That's fine, it's just not a translation Duolingo has processed yet. Submit it.
I think that the plural 'tracks' is more common in English. 'Trail' would be a more common singular word.
I was wondering about that. So can this sentence also mean, “he’s onto me”?
I put down 'my tracks' but Duo said it should be 'my track'. In this context, 'track' should always be plural...not singular.
Without a hint of context, path, track, and clue should all be accepted.
He has followed my clue is sort of awkward. Atleast it sounds like it where I live.
A more correct translation of the meaning would be "He has followed in my footsteps"
Wow! This has caused a **** storm of comments. I got it "wrong" too but learned that "pista" can also mean "clue," which I did not know. "Autopista" means "freeway," and the "pista" part threw me off.
Coming from Germany "pista" reminded me of ski "Piste" - a wide track downhill in the snow to get your legs wobbly, your brain blown out of your mind, your eyes streaming and your toes frozen ;-) - hence the thought that pista would be something like a track :-)
Off piste skiing refers to off trail or back country skiing. I have never heli skied but I did ski the back bowls of Vail.
To follow someone's lead is translated to Spanish as seguirle la corriente a alguien. So He has followed my lead = Él me ha seguido la corriente.
I think RoughBuffalo said that "He has followed my track" is a ridiculous translation for "Él ha seguido mi pista." because in English, we would always use the plural word "tracks". A track is one footprint or mark on the ground or in the snow or some other marking that shows something has been there. You cannot follow just one; you follow several. So, when you translate, it should use the plural, "He has followed my tracks."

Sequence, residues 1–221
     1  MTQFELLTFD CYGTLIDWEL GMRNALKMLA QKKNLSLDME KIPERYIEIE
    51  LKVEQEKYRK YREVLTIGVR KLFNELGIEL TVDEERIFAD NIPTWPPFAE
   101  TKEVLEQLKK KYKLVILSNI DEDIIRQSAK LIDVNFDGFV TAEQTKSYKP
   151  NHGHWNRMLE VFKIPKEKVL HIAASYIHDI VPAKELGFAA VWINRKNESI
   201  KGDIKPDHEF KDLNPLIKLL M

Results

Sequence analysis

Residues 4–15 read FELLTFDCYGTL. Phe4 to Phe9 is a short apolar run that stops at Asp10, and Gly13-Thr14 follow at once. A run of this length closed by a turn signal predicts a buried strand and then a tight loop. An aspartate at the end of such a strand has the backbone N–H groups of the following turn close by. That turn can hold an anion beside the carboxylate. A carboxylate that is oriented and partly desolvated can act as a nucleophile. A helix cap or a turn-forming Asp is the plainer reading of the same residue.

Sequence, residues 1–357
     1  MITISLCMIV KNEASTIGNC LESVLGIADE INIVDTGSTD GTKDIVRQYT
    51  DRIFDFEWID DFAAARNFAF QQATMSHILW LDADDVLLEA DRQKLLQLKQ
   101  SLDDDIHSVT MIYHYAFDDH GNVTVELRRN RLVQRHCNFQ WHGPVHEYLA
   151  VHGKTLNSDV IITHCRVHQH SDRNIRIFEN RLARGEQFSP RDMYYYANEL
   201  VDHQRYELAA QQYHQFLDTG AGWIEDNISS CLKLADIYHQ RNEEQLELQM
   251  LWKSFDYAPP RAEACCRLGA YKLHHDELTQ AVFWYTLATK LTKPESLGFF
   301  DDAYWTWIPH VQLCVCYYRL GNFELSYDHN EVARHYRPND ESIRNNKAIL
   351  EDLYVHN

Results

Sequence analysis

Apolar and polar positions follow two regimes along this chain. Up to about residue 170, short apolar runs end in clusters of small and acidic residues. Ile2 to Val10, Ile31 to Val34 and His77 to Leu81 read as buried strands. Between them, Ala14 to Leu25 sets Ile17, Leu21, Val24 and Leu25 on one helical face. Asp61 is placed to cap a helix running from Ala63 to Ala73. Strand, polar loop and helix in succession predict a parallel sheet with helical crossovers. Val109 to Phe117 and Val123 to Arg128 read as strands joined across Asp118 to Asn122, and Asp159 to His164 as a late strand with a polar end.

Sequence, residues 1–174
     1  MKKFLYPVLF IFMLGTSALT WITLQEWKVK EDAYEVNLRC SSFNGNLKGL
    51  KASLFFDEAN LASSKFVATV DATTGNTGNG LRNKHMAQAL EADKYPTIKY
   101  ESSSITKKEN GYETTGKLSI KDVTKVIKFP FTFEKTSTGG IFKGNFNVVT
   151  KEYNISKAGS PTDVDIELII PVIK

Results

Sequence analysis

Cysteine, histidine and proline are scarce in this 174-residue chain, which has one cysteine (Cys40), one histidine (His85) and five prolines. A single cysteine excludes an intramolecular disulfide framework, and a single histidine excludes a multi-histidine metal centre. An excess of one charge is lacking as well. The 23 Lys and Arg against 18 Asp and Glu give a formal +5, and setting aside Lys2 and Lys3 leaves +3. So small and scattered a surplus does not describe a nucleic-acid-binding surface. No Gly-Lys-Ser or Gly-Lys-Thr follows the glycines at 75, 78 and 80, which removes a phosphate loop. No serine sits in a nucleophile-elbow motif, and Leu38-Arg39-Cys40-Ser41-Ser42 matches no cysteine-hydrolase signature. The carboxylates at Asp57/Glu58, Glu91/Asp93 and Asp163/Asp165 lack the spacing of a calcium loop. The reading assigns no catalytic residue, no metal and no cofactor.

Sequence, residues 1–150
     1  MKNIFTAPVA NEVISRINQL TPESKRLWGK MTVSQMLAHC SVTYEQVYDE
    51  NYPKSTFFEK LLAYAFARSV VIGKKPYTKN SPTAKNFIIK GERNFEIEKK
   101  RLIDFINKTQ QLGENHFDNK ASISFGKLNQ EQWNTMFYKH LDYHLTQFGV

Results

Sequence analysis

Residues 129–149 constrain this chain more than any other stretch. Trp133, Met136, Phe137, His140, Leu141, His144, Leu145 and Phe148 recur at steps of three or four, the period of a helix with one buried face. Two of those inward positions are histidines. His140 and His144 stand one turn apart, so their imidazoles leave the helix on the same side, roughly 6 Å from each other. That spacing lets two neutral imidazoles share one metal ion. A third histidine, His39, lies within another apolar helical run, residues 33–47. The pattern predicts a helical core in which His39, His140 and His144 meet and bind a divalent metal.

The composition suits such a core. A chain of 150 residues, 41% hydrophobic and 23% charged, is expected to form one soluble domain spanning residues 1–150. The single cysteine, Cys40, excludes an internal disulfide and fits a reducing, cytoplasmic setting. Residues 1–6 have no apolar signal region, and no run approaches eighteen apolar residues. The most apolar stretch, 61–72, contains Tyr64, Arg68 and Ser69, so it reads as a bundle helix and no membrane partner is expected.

No necessarily amigo. Track is also a word for trail. As in...we followed the track of the buffalo for 3 days. Something or someone can leave tracks but you can follow the track. Kinda like a “trace”.
Hm, I disagree - so you make a track in the snow - now there is a track, "your" track, while Johnny went a different way and made a different track/path... I think that makes sense?!
Melita2 answered your question, but I thought I would clarify. When you see the helping verb "haber" conjugated before a verb, then you are in a perfect tense. "Haber" is conjugated according to the tense, and the next verb uses the perfect form. In this case, the next verb is "seguir" and is conjugated to "seguido".
Ashley, you asked your question twice, it must be urgent. DL is asking us to practice the present perfect tense. It's present perfect in English so we translate is to present perfect. Not saying preterite is wrong, just not what DL is looking for.
okay, thanks. It wasn't urgent, I posted it twice because when I posted it the first time it didn't show up.
Seguir means to follow or to continue (doing something). For example:
- Él me siguió a casa (He followed me home).
- Vamos a seguir jugando (We'll continue playing).
Okay, so are you saying "seguir" must precede a verb in order to mean "to continue"? If so, that makes it easier for me to remember when to use it or not. Thanks!
Not exactly, DPD says seguir means continuar haciendo algo (to continue doing something), DRAE says it means to continue doing something that has been already started. In my previous example I wrote vamos a seguir jugando in this sentence the playing had already started, so this is probably something you'd say after somebody or something interrupted the game. Another example: Sigue dónde te quedaste (Continue where you left off).
When you press to reveal options for pista in the question it gives three possible meanings but non are right in the official answer. Nuts.
Boys and girls, the allowable words are provided for your choosing. Stop using the keyboard by selecting that option below the exercise. It the exercise is a 6 word sentence, 10 words might be provided but 4 of them will have no place in the sentence. Try it and save yourself some grief.
I put "he has followed my clues" and was marked wrong. I know I used the plural, and Spanish used the singular, but it's more natural to use the plural in this way in English, in the same way that Spanish will often require the definite article whereas English requires none.